But as far as this interpretation, all of this can be done in a different story very easily without Jesus issuing a slap on the wrist for adultery. That appears against the grain to me in antiquity and this affords it a degree of historicity. If nothing else, I believe the evidence favors a core of historicity. That is the point I was making. I see the incident as having a historical basis and I am explaining its lack of popularity.

“Fulfilling” the law is easy for Gentiles to get behind on things they don’t care about like cultic purity or kosher regulations. Thats just Paul’s party line for Roman Christians. That serves their purposes. Matthew tells a slightly different story but I digress. I am just not convinced a slap on the wrist for adultery serves the patriarchy of the times. I also see trajectories on women in the Canon itself. I am elated this story survived at all.

I agree that this story is about the authority of Jesus but if it actually happened, it is also equally about the compassion Jesus showed for this woman and his direct dismissal of OT commands requiring capital punishments.

The story has even deeper meaning for me. It is the response of Jesus to every act of violence, every racism, every genocide, every lie, every murder, every justification of slavery, every land theft, every ethnic cleansing, every witch trial or instance of misogyny perpetuated in God’s name. It is also my response to many things in the Bible that don’t make sense to me—including command to stone Law breakers! That’s how I take it though that obviously is not its specific historical context.

And for those interested, this is how Rauser started Jesus Loves Canaanites:

“I have seen many violent films over the years, but The Stoning of Soraya M. is definitely among the most disturbing. There are several reasons that this film has never left me. To begin with, this tragic story of a spiraling marriage in rural Iran culminates in a horrific scene in which a woman is stoned to death by the residents of her village with her husband and father leading the way. It is a truly awful, extended display of inexplicable cruelty and sickeningviolence. There are few more vicious ways to die than to be pelted to death with rocks. Yet, through it all there is no compassion or mercy deployed by the villagers, once friendly neighbors have now become stone-cold executioners. Right before this haunting murder begins to unfold, Soraya, buried up to her waste, screams desperately at the gathered villagers glaring back at her with a mixture of hatred and curiosity. “How can you do this to anybody?” she cries. And without missing a beat, one man bellows back at her: “It’s God’s law.”
God’s law.
How many atrocities of history have been justified by an appeal to those words? “It’s God’s law!” “God wills it!” “God commands it!” “God approves of it!” How often have those very words been bellowed just loud enough to silence the voices of protest?””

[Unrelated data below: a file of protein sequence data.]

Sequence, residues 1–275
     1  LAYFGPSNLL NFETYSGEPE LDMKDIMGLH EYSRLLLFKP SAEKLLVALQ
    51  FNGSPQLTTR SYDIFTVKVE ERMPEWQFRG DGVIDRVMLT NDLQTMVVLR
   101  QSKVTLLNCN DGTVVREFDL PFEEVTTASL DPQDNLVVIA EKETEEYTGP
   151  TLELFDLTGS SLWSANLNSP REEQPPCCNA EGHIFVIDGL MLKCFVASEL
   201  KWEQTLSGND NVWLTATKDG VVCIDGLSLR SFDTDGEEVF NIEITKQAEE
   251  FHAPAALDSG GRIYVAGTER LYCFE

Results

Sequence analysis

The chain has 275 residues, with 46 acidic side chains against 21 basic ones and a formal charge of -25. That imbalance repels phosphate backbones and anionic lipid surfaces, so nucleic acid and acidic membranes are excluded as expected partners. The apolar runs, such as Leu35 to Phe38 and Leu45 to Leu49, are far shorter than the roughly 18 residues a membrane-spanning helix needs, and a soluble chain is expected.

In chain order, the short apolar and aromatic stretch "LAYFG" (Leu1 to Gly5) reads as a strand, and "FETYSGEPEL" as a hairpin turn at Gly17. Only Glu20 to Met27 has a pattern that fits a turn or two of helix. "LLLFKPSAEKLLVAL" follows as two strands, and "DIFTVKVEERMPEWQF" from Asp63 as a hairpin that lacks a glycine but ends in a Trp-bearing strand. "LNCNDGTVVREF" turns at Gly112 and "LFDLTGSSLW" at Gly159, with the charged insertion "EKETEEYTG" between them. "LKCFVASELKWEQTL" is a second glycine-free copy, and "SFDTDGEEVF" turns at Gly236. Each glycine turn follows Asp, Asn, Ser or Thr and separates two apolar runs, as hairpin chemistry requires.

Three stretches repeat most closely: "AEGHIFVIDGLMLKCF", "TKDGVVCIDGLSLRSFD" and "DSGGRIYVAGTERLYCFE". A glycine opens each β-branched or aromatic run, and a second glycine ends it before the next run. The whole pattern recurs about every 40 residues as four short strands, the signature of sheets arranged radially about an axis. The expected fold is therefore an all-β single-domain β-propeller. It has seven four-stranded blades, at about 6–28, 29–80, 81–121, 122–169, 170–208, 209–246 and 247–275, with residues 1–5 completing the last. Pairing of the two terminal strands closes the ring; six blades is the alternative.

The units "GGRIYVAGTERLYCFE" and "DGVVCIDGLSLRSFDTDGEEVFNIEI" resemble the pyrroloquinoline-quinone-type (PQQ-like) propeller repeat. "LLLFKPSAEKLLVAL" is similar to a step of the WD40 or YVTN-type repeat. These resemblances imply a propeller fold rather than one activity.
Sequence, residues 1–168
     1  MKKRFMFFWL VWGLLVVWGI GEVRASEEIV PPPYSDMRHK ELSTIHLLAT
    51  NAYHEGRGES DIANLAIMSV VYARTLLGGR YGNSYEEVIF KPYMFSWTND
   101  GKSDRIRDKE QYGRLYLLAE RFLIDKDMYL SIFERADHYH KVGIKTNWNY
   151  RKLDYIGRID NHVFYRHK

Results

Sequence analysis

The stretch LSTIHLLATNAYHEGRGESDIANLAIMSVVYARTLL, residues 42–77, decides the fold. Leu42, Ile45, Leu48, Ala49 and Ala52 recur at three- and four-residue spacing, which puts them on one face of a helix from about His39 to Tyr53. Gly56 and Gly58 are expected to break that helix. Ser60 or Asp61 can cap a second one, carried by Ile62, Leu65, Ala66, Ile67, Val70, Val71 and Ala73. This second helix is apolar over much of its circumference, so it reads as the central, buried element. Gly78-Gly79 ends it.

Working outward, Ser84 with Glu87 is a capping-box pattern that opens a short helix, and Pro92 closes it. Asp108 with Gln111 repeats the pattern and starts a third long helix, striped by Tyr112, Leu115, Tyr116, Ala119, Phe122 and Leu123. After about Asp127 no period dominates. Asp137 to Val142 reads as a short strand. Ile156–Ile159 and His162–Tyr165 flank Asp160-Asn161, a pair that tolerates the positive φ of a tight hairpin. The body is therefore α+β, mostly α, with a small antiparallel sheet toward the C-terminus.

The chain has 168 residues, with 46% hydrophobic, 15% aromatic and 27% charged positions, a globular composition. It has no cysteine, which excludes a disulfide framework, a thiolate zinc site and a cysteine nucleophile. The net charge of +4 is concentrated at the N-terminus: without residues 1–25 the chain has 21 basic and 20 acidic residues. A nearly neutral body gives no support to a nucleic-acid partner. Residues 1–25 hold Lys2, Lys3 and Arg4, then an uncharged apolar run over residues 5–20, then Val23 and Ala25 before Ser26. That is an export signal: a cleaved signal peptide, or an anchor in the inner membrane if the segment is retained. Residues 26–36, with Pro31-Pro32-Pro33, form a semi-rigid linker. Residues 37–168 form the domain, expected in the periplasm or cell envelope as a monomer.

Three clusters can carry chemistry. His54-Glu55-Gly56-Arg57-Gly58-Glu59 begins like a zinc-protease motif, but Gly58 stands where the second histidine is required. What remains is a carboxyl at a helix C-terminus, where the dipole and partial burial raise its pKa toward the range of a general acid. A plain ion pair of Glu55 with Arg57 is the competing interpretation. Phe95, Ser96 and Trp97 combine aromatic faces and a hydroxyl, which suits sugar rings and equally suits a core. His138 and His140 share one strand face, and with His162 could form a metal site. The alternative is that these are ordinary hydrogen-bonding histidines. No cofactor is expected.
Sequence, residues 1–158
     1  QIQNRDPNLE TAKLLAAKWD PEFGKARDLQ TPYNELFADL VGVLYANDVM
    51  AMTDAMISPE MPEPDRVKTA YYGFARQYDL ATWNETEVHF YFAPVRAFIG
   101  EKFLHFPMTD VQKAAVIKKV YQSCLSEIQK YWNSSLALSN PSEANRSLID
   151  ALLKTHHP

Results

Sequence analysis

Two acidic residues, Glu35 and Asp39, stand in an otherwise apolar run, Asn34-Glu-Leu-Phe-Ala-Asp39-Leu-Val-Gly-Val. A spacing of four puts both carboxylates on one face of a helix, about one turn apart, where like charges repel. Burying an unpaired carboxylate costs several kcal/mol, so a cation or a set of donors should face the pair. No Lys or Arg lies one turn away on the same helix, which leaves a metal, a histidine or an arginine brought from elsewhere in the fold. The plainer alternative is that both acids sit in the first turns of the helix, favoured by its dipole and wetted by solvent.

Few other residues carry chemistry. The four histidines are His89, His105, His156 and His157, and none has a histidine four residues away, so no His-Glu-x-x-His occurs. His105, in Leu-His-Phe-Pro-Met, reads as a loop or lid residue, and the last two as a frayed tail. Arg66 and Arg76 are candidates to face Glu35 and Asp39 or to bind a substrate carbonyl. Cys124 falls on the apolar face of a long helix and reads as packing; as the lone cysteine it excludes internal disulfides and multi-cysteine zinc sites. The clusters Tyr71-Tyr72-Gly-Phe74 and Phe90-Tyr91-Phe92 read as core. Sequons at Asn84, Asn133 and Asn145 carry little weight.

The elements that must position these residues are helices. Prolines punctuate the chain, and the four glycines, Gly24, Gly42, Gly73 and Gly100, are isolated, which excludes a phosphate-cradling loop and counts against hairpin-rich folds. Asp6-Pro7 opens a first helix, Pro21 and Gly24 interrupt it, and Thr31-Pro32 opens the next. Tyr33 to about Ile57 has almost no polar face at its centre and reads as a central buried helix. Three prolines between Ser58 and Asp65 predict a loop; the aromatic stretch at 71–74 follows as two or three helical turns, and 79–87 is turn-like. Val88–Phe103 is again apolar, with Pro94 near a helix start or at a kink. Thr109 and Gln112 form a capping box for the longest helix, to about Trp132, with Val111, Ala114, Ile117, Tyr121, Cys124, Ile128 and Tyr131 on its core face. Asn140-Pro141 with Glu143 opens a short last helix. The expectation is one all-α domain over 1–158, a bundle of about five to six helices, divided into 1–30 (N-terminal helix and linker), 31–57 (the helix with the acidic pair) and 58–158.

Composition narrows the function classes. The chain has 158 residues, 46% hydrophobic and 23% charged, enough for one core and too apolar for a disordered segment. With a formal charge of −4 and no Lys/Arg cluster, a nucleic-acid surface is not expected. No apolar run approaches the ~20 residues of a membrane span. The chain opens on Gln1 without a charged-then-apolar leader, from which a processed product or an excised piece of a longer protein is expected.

We can all wiki Soraya Manutchehri (1986) or Asisha Ibrahim Duhulow (2008) as modern day examples of this story that happened. It is not just some ancient and primitive practice from a bygone era.

Imagine this woman’s fear and subsequent relief at not actually being murdered in this fashion if it is an actual story.



Scholar James McGrath deals with this story in his excellent book, “What Jesus Learned from Women.”
McGrath considers the story to be historical, even though it didn’t appear in the earliest manuscripts used for the Bible. The story was widely known by church fathers such as Papias.

McGrath’s treatment of the story is fascinating. He links Jesus’s writing in the dust to the horrendous Sotah ritual (Bitter Water Test) in Numbers 5. ( God’s magic a******* potion ) This “test” was forbidden in Jesus’s time, but both Jesus and the Pharisees wanted to avoid the death penalty for adultery. Since no man was caught and dragged in, McGrath thinks that the woman may have been raped and was too frightened to cry out.

The action of Jesus writing in the dust was likely a scriptural lesson and condemnation of the spiritual leaders who were testing Him.

It likely refers to Jeremiah 17:13 - “LORD, you are the hope of Israel; all who forsake you will be put to shame. Those who turn away from you will be written in the dust because they have forsaken the LORD, the spring of living water.”

Jesus was saying they had forsaken and turned away from God.

Papias knows of a woman accused off many sins IIRC, not necessarily this one but they certainly have some commonalities.

I watched the video on the bitter water from Cargill . Another reason (Num 5:11-31) to just completely reject parts of the OT. Forget softening by apologetics about genre and accommodation. Just ditch it completely.

I see a few parallels in terms of adultery and writing but how does McGrath tie the two together? And this account seems to presuppose the sin. Why does Jesus tell her to sin no more if she was raped? Surely he isn’t admonishing her to go and be raped no more.


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Oh yeah, the title. I tried to be funny, like if Jesus was doing a Steve Urkel impression.